Go Back   Steve's Digicams Forums > Digital SLR and Interchangeable Lens Cameras > Sony Alpha dSLR / Konica Minolta dSLR, Sony SLT

Reply
 
Thread Tools Search this Thread
Old Mar 5, 2008, 9:33 AM   #1
Junior Member
 
Ordview's Avatar
 
Join Date: Aug 2002
Posts: 25
Default

Does anyone know why accessing the ISO 3200 capability on the 7D is a separate menu item rather than just being part of the regular ISO selections. That is to say - why do we have the option of having ISO 100-1600 and have to select ISO 100-3200 as a separate choice? Seems to me that we would all just choose the latter and ignore the former unless there is a reason for keeping them separate. Insatiable curiousity and a good sense of logic are a bad combination!
Ordview is offline   Reply With Quote
Sponsored Links
Old Mar 5, 2008, 10:43 AM   #2
Administrator
 
Join Date: Jun 2003
Location: Savannah, GA (USA)
Posts: 22,378
Default

I'm not sure I follow you. It's not in the ISO speed selections by default (probably so that image quality is not degraded too much using the default selections).

But, all you have to do is change a custom setting if you want ISO 3200 to appear in the selections. Just select 100-3200 versus 100-1600 from this setup menu choice.

Attached Images
 
JimC is offline   Reply With Quote
Old Mar 5, 2008, 10:50 AM   #3
Junior Member
 
Ordview's Avatar
 
Join Date: Aug 2002
Posts: 25
Default

Jim,

Thanks for helping, I guess I wasn't very clear in my query. I know how to access ISO 3200 no problem but what I was curious about is why it would not just be an ISO 100-3200 camera rather than separating out the ISO 3200 feature as a separate menu choice? I thought perhaps it had something to do with camera design or some special limitation in ISO technology?It does seem that Minolta could have just chosen to have the ISO as 100-3200 and not have the default be ISO 100-1600 with 3200 being a 'special' option? Hope that clears upthe confusion about my question.

Cheers!
Ordview is offline   Reply With Quote
Old Mar 5, 2008, 10:57 AM   #4
Administrator
 
Join Date: Jun 2003
Location: Savannah, GA (USA)
Posts: 22,378
Default

ISO 3200 is considered to be an "Extended" mode with most DSLR models. Basically, that means that the camera is multiplying the values being stored to simulate more analog amplification, resulting in degraded image quality.

IOW, you're underexposing your image when you use it, and it's "pushing" the iimage back up to the correct brightness by multiplying the RGB values after the analog to digital converter.

They did change the menu setup beginning with the 5D (it's there by default), and also added the Zone Matching options to the same screen you select the other ISO speeds from (so that you don't have to change the ISO button to Zone Matching to use it like you do with the 7D).

JimC is offline   Reply With Quote
Old Mar 5, 2008, 11:59 AM   #5
Junior Member
 
Ordview's Avatar
 
Join Date: Aug 2002
Posts: 25
Default

Jim,

Thankyou, that makes perfect sense and my curiousity is sated. You are a wealth of knowledge when it comes to these things. I recall you helped me with my apparent focal length at infinity vs. at other distances question as well.

I miss Minolta and their organizational culture of pushing boundaries .... I hope Sony keeps up the good work? Now I'm curious to ask you what you think of what Sony is up to with Minolta's legacy (that is to say what's your opinion of the A700, A350, A300, A200 and the now discontinued A100)? I wonder ifthey parallel what Minolta would have done had they survived? Idle speculation I know but .... there's that curiousity thing of mine again. I hear good things about the A700 but I have two 7D's along with a handful of precious lensesand I am a happy camper with those for the moment.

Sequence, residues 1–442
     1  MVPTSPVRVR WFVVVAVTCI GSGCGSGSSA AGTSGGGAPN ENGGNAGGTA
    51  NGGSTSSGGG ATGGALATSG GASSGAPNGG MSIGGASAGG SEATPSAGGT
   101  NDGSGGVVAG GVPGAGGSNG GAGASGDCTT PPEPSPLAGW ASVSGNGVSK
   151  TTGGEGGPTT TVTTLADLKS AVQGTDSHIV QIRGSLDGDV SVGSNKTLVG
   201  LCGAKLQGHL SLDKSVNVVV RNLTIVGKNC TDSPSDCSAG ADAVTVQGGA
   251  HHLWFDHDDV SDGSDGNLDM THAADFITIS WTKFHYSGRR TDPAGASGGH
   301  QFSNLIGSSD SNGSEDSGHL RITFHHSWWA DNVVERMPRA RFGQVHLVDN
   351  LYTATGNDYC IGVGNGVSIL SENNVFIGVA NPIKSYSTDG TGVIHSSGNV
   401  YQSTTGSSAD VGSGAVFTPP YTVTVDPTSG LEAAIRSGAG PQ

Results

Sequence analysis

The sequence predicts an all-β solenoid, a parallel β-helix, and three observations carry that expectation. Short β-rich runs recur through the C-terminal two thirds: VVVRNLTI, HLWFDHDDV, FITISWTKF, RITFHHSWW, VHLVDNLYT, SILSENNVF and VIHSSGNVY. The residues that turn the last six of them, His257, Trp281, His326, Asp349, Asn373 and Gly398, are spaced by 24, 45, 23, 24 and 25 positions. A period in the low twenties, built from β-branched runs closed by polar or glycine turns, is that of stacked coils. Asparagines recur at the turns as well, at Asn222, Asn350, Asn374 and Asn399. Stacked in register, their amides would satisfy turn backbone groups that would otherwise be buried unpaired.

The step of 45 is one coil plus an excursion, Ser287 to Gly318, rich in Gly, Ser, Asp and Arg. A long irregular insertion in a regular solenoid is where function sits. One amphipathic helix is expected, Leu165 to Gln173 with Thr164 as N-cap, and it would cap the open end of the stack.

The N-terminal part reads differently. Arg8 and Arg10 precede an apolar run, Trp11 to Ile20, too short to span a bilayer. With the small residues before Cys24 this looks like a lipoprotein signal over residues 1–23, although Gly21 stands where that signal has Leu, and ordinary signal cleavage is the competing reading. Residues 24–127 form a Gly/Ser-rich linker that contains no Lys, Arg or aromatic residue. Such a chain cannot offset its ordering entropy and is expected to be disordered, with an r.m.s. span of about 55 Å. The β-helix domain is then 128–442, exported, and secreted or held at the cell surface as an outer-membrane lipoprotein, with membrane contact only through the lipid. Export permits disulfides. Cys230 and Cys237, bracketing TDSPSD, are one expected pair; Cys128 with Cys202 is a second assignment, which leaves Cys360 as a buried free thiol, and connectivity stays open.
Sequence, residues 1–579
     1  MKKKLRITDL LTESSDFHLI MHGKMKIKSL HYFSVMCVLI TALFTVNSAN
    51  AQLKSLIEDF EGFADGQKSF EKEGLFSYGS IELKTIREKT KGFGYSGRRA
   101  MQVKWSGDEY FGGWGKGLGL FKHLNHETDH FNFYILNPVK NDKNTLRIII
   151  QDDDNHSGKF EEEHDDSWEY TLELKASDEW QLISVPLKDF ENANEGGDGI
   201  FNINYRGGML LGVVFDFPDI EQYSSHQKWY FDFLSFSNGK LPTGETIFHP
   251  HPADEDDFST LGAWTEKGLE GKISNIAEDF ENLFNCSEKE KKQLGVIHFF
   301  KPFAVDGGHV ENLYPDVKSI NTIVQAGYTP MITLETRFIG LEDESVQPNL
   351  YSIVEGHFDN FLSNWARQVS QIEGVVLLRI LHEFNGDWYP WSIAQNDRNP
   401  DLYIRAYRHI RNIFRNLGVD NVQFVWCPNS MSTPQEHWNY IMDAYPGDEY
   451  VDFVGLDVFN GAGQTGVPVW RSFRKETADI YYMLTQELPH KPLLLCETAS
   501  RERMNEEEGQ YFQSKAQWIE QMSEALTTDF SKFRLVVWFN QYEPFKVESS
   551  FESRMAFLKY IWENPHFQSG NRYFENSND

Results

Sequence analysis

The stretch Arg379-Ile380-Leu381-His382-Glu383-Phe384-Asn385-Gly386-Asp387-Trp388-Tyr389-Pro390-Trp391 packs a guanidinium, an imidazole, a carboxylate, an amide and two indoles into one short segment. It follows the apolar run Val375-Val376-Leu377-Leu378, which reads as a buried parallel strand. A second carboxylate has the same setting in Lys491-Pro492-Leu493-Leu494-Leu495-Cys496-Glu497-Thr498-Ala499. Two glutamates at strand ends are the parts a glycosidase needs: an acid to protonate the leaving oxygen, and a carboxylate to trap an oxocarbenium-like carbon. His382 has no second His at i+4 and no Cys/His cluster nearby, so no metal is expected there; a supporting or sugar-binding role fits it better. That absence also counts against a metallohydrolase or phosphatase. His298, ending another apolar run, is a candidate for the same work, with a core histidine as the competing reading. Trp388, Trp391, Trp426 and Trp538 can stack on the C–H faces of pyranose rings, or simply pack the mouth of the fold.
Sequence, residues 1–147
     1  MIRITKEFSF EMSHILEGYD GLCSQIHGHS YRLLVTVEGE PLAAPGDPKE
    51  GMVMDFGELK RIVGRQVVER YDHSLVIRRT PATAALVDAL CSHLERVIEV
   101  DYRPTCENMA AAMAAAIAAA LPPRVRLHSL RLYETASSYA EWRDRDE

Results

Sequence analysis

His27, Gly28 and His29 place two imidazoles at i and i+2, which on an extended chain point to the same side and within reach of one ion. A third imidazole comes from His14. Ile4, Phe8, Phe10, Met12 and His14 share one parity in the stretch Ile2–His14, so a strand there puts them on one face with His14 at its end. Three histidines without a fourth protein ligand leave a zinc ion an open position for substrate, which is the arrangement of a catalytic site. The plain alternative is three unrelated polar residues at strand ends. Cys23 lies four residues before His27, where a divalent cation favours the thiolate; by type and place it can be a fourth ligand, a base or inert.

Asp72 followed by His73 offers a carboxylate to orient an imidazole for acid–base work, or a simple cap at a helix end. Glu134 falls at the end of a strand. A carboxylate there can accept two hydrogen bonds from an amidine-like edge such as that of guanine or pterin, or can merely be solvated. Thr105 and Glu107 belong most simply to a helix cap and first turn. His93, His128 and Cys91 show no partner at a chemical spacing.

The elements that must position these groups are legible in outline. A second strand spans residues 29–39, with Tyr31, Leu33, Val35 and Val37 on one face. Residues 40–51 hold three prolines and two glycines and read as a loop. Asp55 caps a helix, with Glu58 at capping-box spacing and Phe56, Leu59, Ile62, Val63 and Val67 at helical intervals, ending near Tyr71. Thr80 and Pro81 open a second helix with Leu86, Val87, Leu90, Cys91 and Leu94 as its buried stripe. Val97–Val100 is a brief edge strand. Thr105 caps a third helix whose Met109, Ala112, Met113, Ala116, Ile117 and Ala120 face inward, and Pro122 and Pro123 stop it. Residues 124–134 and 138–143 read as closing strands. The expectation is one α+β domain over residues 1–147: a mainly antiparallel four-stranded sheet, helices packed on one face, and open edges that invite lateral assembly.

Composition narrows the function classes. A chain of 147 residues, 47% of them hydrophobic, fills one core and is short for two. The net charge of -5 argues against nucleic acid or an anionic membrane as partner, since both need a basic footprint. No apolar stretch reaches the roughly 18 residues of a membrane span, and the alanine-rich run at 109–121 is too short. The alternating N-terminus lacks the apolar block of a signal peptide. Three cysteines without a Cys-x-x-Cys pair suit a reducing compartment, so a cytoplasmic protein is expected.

Cheers,

Michael
Ordview is offline   Reply With Quote
Old Mar 5, 2008, 12:28 PM   #6
Administrator
 
Join Date: Jun 2003
Location: Savannah, GA (USA)
Posts: 22,378
Default

I think Sony is making good choices in most areas now.

I got an A700 in October and I really like the camera.

The new user interface is good, too. One nice thing is that a user familiar with Sony's new Quick Nav system can easily migrate to a higher end model, since this system is shared between the A200, A300, A350, and A700 now.

I think Sony is making the right choices in some of the other areas, too. They removed some features on the entry level bodies (for example, no DOF Preview button until you get to the A700 level).

But, they improved other areas like Autofocus speed with an upgraded focus motor and better predictive tracking algorithms that I'd consider to be far more important. In contrast, Nikon removed the focus motors in it's entry level bodies (they'll only work with lenses that have focus motors built in, for example, Nikon's AF-S or Sigma's HSM lenses), and went to a 3 point AF sensor.

I think Sony's choices for keeping costs down in the entry level segment are better, improving the important areas (like AF speed and accuracy, Dynamic Range, Noise Levels, Stabilization system), and cutting back on stuff most shooters wouldn't use.

Given that Sony just went from having 1 model (the A100) for sale, to 5 models for sale (A100, A200, A300, A350, A700), I think we'll start seeing more market penetration, too.

JimC is offline   Reply With Quote
 
Reply


Thread Tools Search this Thread
Search this Thread:

Advanced Search

Posting Rules
You may not post new threads
You may not post replies
You may not post attachments
You may not edit your posts

BB code is On
Smilies are On
[IMG] code is On
HTML code is Off
Trackbacks are Off
Pingbacks are Off
Refbacks are Off



All times are GMT -5. The time now is 1:08 PM.